While acknowledging that lawyers for Jamaican Shanique Myrie have not yet been paid by the Barbados Government, Attorney General Adriel Brathwaite this afternoon said that the real story was not being told.
The Jamaica Observer reported Sunday that the Caribbean Court of Justice (CCJ) had still not managed to secure payment
for lawyers who represented Myrie in the notable case almost two years after its historic judgment.
Myrie was herself paid damages of $76,000 eight months after the decision of the CCJ, which found that the Jamaican woman was unlawfully treated on arrival at Grantley Adams International Airport in March 2011.
The paper also reported that the Government of Barbados remained unmoved, and there was no indication as to when payment, in part or full, would be made to the attorneys.
But the Barbados Attorney General and Minister of Home Affairs insisted that the truth needed to be told as to why the lawyers have not been paid as ordered by the regional court.
“Myrie’s lawyers submitted a claim to us. We asked for further particulars since August last year from what I have been told. We have not heard anything from Myrie’s lawyers since then. Ok,” he stated.
“If they had gone to the press in Jamaica to say that they have not been paid, it would have made more sense for them to contact the Attorney General of Barbados and try to see how we can reach an agreement on their fees,” added the Government’s chief legal advisor.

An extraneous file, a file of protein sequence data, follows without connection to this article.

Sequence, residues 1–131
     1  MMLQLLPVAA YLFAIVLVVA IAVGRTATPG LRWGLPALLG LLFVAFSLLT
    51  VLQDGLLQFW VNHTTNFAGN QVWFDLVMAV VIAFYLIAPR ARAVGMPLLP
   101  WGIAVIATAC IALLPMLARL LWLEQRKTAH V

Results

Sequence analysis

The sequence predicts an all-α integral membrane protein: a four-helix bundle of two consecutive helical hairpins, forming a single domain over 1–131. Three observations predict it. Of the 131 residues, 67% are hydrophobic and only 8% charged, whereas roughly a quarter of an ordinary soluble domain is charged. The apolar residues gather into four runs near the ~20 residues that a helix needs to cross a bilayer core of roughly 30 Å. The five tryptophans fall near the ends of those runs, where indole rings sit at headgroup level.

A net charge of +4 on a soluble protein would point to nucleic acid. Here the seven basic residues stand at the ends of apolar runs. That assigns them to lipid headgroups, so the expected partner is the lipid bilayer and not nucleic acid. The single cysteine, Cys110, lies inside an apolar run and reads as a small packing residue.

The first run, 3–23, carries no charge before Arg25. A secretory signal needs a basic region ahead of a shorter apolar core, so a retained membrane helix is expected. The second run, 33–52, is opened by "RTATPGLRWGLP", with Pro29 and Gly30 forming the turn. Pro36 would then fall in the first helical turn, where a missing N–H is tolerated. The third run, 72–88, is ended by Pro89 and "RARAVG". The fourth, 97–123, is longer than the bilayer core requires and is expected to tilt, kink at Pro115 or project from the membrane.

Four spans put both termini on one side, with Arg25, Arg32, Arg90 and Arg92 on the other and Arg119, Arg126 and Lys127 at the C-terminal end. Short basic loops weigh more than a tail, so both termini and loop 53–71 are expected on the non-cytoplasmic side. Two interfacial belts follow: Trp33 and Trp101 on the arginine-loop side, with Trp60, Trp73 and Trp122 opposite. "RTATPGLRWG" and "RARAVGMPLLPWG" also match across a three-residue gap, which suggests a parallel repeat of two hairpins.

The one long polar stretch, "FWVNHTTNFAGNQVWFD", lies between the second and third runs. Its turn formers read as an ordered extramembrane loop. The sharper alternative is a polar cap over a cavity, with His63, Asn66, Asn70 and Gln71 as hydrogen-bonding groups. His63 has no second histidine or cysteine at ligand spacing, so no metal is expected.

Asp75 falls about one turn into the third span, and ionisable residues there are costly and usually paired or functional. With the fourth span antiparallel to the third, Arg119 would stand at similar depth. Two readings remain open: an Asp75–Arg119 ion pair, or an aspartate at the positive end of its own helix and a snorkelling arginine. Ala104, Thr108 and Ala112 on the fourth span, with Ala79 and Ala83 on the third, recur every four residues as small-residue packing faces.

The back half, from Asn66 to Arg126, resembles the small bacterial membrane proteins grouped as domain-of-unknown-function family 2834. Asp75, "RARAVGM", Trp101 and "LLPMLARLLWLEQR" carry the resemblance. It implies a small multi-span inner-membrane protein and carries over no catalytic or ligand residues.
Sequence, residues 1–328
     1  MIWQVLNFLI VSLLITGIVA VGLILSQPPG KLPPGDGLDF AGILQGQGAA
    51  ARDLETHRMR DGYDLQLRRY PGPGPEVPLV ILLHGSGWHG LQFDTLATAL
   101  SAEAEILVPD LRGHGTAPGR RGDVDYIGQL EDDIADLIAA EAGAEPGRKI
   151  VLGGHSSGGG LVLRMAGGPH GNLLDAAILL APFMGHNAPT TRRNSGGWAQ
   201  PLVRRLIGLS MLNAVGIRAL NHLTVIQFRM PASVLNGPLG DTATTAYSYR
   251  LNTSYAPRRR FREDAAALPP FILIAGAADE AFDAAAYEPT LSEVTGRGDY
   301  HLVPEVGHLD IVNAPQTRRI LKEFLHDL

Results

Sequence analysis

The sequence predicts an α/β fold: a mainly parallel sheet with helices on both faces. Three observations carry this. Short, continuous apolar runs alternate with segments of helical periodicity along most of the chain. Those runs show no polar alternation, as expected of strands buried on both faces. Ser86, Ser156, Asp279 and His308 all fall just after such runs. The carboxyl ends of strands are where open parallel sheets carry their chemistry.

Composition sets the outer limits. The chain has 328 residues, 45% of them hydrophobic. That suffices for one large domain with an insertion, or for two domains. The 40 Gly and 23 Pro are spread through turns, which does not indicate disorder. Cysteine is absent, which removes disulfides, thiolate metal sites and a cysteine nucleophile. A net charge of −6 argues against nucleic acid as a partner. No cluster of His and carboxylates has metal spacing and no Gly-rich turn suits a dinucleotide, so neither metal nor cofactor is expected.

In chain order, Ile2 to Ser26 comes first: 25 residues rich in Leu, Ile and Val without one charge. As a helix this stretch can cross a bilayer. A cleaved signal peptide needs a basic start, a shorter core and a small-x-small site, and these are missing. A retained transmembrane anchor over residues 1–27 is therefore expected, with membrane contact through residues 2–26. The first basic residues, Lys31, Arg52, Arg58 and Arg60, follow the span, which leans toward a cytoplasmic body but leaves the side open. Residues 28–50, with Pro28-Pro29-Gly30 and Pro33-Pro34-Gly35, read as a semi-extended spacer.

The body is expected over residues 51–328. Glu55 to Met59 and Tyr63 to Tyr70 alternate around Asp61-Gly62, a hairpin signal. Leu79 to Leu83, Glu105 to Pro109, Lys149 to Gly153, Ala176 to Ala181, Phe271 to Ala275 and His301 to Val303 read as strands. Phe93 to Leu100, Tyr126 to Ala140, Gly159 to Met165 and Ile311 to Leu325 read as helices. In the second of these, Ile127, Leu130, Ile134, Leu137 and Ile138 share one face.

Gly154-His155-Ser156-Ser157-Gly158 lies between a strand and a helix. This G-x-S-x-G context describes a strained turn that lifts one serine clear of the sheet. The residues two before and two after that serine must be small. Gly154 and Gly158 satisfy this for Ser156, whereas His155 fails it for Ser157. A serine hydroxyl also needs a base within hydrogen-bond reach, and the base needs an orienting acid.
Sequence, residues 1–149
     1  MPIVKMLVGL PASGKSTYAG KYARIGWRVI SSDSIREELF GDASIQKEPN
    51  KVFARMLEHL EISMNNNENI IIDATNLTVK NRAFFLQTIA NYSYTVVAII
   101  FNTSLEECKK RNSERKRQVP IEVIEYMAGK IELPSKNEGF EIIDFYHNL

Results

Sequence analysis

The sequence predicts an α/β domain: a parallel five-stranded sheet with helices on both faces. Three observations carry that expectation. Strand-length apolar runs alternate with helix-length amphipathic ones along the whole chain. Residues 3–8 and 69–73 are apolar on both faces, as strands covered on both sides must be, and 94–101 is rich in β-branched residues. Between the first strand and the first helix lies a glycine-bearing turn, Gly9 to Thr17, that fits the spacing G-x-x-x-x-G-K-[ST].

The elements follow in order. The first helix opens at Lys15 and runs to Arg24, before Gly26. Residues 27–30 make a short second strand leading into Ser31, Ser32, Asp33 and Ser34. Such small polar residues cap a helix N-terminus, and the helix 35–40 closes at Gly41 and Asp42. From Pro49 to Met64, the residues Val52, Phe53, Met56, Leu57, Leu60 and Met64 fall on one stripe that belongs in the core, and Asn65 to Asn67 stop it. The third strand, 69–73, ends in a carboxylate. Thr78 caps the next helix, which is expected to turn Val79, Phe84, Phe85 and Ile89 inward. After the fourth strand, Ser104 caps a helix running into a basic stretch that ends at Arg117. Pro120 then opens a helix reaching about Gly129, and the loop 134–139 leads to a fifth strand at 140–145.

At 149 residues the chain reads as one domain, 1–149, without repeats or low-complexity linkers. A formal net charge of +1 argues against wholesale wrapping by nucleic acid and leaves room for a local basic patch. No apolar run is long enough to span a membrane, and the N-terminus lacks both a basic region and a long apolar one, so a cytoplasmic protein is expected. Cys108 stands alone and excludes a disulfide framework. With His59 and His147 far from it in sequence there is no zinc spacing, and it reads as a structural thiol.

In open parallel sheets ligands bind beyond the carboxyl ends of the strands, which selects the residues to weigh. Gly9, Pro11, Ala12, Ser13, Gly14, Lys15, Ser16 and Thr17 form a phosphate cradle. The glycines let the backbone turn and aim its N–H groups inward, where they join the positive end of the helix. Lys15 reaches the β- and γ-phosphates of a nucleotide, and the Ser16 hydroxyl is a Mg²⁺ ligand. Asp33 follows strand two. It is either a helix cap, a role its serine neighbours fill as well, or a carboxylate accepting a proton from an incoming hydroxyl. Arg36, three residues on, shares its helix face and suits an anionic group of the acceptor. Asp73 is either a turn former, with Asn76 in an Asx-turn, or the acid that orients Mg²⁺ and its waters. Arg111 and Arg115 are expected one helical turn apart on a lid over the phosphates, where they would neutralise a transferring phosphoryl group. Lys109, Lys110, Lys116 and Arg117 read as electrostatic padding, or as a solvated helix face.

“They have not contacted us since August last year,” Brathwaite emphasized, “and I do not believe it is our responsibility to chase them for their fees.”
An official source told Barbados TODAY that the lawyers for Myrie have asked the Freundel Stuart Administration to pay them US$1 million in legal fees, a figure which has not yet been settled between the two sides.
The source told Barbados TODAY even though the CCJ had ordered Barbados to compensate Myrie and cover the costs of her legal representation, it allowed the parties to work out the amount of special damages and come to an agreement.
When asked to comment on this Brathwaite said Barbados had not questioned the amount charged for general damages, only the special damages which included the expenses. “We have not queried the quantum as yet, we have just queried the special damages that she claimed in terms of her expenses and she has not been able to supply us with that information,” he said.
Myrie had complained of being subjected to a dehumanising cavity search by a female officer at the airport and that she was locked up overnight in a filthy room and sent back to Jamaica the following day.
She sued the Freundel Stuart Administration for damages through the CCJ, which found that she was unlawfully treated and ordered Barbados to pay compensation to her and to cover the costs of her legal representation.
Although the court failed to settle certain aspects of the treatment allegedly meted out to Myrie, it ruled that she had been illegally refused entry into Barbados, and ordered that damages be paid for this.
Having been heard in two stages of the case, Barbados was required to make payments at both. As a result, this country had to compensate the lawyers for amounts from the end of the first stage on April 18, 2012 and the second stage, October 4, 2013.
When the court ruled in Myrie’s favour in the Originating Application on October 4, 2013 it made another award of costs to her attorneys Michelle Brown and Nancy Anderson, with regards to the trial of the matter. These costs have also not been paid.